CEQ Issues Guidance For Streamlining NEPA Reviews: Can You Say “Content-Free”?

The Council on Environmental Quality has released it guidance on “Improving the Process for Preparing Efficient and Timely Environmental Reviews under the National Environmental Policy Act.” As far as I can tell, the guidance provides literally nothing on improving the process. It is instead a compendium of how wonderful the process already is in allowing and encouraging appropriate flexibility in complying with NEPA. I’m not sold.

In fairness, CEQ has a tough task here. It’s trying to satisfy everyone, including NGOs and environmental justice advocates, as well as project proponents. As I noted yesterday in my post on regulatory reform in Massachusetts, sometimes that’s just not possible. Sometimes, improvements require making some people unhappy. 

The second problem CEQ faces is that it is not the final decision-maker. The courts get to play that role. In my experience, the review process under NEPA is sufficiently mushy that courts can – and do – do whatever they want. If they like a project, they defer to the agency; if they don’t, then they conclude that the proponent did not give the project the “hard look” that NEPA requires.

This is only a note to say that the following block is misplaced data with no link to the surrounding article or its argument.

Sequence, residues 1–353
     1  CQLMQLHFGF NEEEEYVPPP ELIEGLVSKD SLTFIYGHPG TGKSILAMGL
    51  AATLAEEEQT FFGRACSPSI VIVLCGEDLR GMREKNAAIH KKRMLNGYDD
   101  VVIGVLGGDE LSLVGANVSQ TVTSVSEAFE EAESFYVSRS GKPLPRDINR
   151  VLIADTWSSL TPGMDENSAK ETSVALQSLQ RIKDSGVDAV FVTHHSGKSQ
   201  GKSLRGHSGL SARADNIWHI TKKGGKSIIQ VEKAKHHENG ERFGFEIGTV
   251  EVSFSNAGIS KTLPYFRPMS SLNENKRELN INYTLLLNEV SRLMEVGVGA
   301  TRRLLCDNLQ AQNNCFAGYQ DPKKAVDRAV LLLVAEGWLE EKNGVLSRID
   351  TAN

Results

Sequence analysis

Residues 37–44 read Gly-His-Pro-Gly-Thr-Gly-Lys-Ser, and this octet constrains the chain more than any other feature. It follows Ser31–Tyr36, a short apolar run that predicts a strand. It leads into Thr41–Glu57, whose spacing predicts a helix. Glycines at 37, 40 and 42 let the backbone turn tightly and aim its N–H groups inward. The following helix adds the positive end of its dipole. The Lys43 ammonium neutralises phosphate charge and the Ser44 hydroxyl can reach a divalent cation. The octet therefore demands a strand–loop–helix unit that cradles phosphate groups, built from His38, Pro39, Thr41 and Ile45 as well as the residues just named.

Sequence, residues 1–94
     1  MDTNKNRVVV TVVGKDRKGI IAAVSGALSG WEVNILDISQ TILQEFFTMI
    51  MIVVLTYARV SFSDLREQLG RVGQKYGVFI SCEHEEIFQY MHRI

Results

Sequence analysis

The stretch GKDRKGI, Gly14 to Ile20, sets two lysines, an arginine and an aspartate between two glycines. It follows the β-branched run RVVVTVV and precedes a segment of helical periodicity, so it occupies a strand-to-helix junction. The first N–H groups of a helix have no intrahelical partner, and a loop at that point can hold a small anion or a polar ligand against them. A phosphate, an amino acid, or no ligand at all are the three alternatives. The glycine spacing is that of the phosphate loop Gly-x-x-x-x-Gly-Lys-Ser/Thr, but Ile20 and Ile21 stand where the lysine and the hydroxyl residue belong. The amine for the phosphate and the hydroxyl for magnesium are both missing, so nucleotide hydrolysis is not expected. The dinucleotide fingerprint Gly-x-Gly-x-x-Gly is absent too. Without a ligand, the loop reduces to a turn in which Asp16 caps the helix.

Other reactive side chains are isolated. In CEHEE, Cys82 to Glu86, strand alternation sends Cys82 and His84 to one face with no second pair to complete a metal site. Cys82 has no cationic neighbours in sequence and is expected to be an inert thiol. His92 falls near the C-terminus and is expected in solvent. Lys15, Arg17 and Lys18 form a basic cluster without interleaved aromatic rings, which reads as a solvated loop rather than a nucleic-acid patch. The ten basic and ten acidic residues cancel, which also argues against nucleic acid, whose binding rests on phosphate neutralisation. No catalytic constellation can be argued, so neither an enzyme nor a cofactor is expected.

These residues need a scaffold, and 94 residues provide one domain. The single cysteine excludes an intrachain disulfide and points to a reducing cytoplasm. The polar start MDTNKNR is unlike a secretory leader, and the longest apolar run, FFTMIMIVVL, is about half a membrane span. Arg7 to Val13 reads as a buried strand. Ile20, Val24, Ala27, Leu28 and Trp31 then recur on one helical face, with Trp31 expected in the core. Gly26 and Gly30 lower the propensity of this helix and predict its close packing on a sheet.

The tension here is demonstrated by my favorite paragraph in yesterday’s guidance. It’s the first bullet in CEQ’s list of basic principles:

NEPA encourages straightforward and concise reviews and documentation that are proportionate to potential impacts and effectively convey the relevant considerations to the public and decisionmakers in a timely manner while rigorously addressing the issues presented.

Phew. Straightforward, proportionate, timely, and rigorous. Also trustworthy, loyal, helpful, friendly, and courteous, among other qualities. 

Sorry, it’s just not possible. We can decide as a nation that we will put up with the NIMBY consequences of encouraging maximum possible citizen involvement and review. What we cannot do is pretend that we can somehow streamline the process and at the same time keep that level of citizen involvement. Unfortunately, one agency’s streamlining is another citizen’s shortcutting.

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